From classroom to newsroom

August 26, 2014 01:30

By Simon Perez, RTDNA Contributor
Regular RTDNA readers know Lydia Timmins has written about her experience transitioning from the newsroom to the University of Delaware classroom. Here, I’d like to share my experience adding a step: from the newsroom to the classroom and back to the newsroom.
For 20 years, I reported in markets ranging from 124 to 5. In 2011, I “left the business” and began teaching at the Syracuse University’s Newhouse School, in the Broadcast and Digital Journalism department.
As did Lydia, I initially struggled adapting to some of the differences in the world of academia: managing a classroom, relating to the problems of teenagers, taking the loooooooong view on projects. But after three years, I’ve begun to settle into the slower, calmer pace and developed positive relationships with students.
This June, my former bosses at KPIX in San Francisco allowed me back for a two-week reporter reprise. Here’s what I learned:
It’s a basic ingredient of the average TV news day. Sure, most people know that, but I’m convinced people who’ve been in the industry for a while build up a resistance to the rigor of making deadlines. It’s kind of like getting in shape for a long-distance race; you do it enough, and you can’t help but improve your endurance. After three years away, I was out of stress shape. Honestly, during 20 years of reporting, I don’t recall the routine of making a daily deadline to have been such a heart-racing, adrenaline-pumping, nerve-wracking experience. Back then, it all seemed easier.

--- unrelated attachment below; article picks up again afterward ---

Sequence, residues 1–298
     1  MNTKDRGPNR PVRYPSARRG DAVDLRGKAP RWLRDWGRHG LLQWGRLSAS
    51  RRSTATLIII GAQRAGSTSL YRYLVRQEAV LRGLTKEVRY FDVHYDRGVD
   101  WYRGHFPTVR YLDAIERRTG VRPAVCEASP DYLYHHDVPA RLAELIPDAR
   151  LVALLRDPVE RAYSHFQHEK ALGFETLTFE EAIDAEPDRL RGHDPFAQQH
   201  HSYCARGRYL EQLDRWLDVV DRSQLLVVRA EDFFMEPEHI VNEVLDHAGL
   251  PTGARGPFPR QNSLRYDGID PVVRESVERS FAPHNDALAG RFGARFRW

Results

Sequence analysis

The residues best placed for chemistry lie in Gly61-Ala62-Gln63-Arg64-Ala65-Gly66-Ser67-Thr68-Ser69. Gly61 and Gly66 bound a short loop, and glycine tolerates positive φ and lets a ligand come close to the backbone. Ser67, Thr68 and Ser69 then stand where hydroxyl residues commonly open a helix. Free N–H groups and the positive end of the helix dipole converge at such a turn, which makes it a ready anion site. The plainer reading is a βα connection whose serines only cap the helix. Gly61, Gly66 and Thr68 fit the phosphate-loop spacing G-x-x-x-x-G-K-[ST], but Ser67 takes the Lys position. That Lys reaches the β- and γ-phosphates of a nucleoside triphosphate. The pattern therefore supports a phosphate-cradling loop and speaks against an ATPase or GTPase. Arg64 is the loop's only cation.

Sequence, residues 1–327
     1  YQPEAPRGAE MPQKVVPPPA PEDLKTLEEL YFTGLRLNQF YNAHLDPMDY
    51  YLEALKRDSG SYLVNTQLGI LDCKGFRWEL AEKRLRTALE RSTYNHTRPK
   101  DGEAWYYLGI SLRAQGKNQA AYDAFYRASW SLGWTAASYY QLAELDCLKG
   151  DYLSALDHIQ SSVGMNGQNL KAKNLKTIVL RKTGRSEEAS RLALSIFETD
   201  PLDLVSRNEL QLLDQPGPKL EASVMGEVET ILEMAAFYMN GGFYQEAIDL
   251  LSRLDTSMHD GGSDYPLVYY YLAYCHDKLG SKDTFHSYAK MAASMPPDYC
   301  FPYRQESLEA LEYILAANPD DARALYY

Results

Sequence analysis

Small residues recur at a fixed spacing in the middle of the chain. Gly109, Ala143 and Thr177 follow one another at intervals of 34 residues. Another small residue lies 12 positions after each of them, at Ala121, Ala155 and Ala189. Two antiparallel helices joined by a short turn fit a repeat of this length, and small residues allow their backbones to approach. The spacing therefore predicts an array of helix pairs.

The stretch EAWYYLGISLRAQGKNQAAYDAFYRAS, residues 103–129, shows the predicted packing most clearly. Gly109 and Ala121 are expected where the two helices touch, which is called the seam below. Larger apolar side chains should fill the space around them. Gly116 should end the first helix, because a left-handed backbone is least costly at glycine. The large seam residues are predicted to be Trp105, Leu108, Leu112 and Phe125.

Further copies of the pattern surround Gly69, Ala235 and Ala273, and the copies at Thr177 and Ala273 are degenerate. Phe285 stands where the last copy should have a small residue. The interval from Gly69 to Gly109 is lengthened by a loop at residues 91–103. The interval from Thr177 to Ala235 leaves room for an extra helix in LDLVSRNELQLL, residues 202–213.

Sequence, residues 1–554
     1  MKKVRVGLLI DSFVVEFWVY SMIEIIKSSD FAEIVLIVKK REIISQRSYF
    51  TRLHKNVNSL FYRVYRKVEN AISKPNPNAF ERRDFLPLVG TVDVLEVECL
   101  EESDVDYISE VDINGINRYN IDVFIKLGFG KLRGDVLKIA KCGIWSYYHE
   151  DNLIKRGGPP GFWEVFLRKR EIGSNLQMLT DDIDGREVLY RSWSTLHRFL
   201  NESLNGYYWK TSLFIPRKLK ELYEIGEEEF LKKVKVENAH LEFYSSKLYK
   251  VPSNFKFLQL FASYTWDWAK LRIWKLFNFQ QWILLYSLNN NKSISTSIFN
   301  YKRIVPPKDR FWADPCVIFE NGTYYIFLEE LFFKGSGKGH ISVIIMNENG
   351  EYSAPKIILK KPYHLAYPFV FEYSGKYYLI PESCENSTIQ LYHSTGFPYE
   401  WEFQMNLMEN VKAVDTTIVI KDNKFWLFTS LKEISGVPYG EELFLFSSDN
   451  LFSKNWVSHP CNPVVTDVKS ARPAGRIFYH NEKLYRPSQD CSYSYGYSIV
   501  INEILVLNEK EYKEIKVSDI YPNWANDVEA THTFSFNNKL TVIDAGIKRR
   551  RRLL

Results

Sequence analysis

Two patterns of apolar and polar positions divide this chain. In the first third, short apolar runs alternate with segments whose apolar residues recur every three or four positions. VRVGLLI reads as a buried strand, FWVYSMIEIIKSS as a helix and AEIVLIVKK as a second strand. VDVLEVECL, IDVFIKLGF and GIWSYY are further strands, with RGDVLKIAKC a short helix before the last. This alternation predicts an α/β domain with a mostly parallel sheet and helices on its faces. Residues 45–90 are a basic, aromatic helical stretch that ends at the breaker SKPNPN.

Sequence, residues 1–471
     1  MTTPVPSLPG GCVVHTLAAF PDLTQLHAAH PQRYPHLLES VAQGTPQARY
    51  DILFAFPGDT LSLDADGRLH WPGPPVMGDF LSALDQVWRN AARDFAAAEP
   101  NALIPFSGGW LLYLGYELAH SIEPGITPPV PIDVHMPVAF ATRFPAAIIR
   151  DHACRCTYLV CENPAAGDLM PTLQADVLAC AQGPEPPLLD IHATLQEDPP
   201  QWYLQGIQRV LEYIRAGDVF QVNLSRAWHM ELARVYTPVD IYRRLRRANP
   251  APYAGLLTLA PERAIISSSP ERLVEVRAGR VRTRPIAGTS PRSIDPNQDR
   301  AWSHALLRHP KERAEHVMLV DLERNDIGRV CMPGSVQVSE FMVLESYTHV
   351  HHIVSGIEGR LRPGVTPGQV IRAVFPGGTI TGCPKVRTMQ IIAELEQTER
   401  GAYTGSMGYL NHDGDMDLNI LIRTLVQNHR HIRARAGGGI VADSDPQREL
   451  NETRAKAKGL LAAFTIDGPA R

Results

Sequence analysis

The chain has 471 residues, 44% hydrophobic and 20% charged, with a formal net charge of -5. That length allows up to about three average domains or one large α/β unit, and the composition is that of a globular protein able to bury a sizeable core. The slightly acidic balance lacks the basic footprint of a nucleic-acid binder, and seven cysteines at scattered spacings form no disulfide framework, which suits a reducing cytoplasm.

TV time
Part of that stress is derived from the public’s ignorance of the time constraints under which TV news operates. In academia, a conversation about a meeting might go like this:
Can we meet tomorrow?
No, I’m busy, how about next week.
Um, that doesn’t really work for me.
How about the first of next month?
Great, I’ll put it in my calendar.

To be clear, there’s nothing wrong with this. If the meeting doesn’t have to happen sooner, then later is fine. In TV, EVERYTHING has to happen sooner. Neither next month, nor next week nor tomorrow is acceptable. Even “later this afternoon” may be too late. Returning to the newsroom reminded me of the value of time management and how gratifying is it to hear the phrase, “Sure, come on over.”
Like riding a bike
I worked as an MMJ, so I shot and edited most of my own stories. Three years away left me a little nervous about recalling which buttons to push on the camera and computer, and in what order. However, I can assure those of you who have done it before, it really is like riding a bike. Once you’ve mastered non-linear editing principles and the basics of videography (wide-medium-tight-tight-tight, etc.), they’ll come back to you without much practice.
Newsroom = Teamwork
Working in a newsroom, even as an MMJ, is a much more team-oriented pursuit than teaching. In the classroom, instructors may rely upon each other for tips and advice, but essentially, you’re on your own. That’s part of the appeal of academic freedom – you run the show the way you want. In the newsroom, whether you want to or not, you’re dealing with the demands of others: the producer who wants a tease, the web team that wants a quote, the managing editor who wants a story update, the ENG team that needs a mic check for a live shot. These are all reasonable requests - it’s their jobs, after all! But the requirement that a reporter work with others, how essential that is to the job, is a contrast with academia I hadn’t appreciated.
The goal here is not to reach a conclusion about “which career is better?” Instead, it’s to point out the differences many experienced teachers and TV professionals may not know or may have forgotten.

Simon Perez is an assistant professor at the Newhouse School, Syracuse University


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